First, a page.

silver hair

Don’t Call Me “Young Lady”!

I’m letting my hair go gray – or as my beauty editor friend calls it, “silver”. I like my new, honest look very much. Yet ever since I stopped touching up my roots, I’ve been addressed by some people as “young lady”. I know they probably mean well, and I have yet to respond with the snarky comments I’d like to use. Rest assured, though, I find being called “young lady” disrespectful.

Why? I’m fortunate enough to be healthy at this stage of my life, and although I’m not as spry as I was way back when I was a professional ballerina, I do have all my faculties. Not only that, but I believe in the adage that goes “older and wiser”. When you call me “young lady”, you are ignoring all the experiences that have made me mentally and emotionally richer over the decades. Think about the Native Americans who revere their elders. That’s an attitude I wholeheartedly applaud! I can’t imagine a scenario in which a youngish Native American addresses a Native American elder as “young lady”!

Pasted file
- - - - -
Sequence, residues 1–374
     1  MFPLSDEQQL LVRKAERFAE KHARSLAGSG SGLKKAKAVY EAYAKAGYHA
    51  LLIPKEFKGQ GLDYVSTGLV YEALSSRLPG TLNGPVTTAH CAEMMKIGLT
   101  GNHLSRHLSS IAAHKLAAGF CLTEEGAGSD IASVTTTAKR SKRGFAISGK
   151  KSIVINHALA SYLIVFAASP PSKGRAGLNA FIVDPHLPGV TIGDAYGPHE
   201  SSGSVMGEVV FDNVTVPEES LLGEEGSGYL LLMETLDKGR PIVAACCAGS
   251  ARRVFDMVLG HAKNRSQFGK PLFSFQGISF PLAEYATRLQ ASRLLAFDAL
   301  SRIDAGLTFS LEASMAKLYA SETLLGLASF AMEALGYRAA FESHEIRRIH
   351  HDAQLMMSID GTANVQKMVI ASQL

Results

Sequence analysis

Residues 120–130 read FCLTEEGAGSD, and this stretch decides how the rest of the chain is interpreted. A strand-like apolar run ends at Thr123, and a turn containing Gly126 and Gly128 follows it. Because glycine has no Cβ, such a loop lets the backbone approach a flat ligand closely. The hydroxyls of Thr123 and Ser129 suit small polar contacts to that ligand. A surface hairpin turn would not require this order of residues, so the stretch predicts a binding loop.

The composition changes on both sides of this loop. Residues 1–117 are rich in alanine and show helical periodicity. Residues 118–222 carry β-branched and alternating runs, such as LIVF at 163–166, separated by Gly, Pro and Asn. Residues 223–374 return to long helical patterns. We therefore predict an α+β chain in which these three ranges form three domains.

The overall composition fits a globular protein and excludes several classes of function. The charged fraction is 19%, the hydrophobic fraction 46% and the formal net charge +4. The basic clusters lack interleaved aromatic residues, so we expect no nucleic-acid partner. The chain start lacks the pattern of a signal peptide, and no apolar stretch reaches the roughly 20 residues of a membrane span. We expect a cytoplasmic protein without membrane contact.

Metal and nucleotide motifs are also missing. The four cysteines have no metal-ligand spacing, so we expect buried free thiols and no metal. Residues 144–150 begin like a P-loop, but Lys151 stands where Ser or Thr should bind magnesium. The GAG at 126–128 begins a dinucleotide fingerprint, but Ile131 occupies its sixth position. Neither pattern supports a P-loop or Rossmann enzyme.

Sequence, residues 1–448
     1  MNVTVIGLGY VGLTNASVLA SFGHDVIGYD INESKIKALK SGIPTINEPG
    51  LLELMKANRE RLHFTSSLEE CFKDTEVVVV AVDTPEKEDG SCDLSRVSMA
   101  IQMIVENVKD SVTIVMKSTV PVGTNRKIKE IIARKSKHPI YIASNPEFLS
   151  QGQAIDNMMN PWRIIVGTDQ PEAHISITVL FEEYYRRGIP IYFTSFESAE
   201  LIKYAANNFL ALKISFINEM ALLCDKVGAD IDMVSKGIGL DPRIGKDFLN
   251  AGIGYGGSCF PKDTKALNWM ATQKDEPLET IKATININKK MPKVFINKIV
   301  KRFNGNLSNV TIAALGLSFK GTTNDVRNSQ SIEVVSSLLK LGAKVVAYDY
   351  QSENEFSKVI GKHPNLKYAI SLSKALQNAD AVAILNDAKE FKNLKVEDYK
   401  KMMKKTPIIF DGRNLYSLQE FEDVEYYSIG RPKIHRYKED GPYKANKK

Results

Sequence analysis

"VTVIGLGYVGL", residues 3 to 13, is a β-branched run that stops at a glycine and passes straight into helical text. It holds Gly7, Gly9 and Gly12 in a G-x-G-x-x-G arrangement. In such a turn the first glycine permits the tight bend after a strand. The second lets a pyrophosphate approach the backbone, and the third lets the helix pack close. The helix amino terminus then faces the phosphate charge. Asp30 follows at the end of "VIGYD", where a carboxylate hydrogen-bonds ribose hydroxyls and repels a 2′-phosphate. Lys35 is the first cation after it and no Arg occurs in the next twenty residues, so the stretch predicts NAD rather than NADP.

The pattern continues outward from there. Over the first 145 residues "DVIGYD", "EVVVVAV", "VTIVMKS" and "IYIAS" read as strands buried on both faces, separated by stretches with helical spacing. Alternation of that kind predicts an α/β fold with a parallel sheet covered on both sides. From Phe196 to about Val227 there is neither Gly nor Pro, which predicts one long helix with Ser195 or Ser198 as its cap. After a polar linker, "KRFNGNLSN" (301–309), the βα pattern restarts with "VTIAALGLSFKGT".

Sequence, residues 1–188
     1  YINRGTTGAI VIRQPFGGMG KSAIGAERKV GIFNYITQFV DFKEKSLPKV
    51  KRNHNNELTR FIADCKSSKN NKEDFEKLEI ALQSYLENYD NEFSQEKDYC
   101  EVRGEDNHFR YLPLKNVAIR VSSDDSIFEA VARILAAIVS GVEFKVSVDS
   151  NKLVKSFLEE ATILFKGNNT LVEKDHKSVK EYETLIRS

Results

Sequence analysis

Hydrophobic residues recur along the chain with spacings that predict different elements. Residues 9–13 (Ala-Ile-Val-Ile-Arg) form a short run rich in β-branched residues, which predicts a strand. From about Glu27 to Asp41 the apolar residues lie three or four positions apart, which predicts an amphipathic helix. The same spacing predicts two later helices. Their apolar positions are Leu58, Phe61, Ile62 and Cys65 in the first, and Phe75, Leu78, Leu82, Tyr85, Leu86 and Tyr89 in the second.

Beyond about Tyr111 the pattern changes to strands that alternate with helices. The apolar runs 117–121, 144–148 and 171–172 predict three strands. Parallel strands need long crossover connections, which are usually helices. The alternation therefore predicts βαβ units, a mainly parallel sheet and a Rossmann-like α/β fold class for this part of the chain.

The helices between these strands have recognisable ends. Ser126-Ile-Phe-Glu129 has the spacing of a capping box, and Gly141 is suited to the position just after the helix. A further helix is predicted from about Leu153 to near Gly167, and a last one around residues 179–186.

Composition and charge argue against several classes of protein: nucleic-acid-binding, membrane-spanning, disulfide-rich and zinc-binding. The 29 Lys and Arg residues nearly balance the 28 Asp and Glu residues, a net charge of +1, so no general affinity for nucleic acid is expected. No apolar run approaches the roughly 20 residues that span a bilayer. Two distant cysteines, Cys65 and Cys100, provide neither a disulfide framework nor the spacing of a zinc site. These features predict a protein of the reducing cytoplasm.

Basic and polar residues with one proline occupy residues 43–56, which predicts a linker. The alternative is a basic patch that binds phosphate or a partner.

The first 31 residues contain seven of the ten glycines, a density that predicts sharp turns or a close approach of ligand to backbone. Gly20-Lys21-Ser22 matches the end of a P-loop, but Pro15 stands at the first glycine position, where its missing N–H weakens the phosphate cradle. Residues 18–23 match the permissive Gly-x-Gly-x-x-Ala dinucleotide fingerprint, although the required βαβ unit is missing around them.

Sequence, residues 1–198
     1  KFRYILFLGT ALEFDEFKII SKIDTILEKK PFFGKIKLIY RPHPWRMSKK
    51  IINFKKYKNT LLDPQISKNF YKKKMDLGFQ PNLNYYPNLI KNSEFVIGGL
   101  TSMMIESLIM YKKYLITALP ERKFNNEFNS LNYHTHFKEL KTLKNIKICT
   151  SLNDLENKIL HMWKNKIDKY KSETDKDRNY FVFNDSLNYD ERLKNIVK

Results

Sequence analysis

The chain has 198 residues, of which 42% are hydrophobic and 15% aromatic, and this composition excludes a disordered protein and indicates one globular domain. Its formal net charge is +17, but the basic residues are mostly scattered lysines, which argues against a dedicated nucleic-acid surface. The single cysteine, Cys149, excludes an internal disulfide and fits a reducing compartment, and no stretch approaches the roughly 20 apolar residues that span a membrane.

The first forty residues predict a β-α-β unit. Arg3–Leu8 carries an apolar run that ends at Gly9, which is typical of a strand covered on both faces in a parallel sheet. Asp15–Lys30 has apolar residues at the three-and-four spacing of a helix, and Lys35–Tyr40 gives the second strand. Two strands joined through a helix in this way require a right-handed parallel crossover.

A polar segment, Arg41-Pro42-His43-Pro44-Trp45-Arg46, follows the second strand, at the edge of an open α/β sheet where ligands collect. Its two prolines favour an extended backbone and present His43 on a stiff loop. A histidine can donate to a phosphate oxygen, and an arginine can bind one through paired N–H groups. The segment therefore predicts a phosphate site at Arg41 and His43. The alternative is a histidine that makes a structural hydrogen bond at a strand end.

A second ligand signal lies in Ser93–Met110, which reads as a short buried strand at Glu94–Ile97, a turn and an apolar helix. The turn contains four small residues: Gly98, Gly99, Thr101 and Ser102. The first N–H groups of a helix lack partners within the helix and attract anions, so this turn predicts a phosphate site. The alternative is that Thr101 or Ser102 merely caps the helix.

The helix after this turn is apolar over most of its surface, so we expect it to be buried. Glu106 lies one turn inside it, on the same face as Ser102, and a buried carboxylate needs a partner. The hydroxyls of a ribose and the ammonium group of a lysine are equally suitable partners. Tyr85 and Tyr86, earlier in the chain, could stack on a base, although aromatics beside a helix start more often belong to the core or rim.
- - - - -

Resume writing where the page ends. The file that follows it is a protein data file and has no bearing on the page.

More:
I know that the readers of thirdAGE probably range in age from 40-something to well beyond the official retirement age. If you are on the younger end of this spectrum, please think before you address an older woman as “young lady”. Like me, she probably won’t correct or reprimand you. I know, though, that she is almost certainly offended rather than flattered.

What should you say rather than “young lady”? How about “woman” or better yet “person”? Examples: “The woman seated in the far left corner of the audience asked an important question.” Or, “The person seated in the far left corner of the audience asked an important question.”

OK, I’m getting off my soapbox now! Carry on!

Sondra Forsyth is a Co-Editor-in-Chief of

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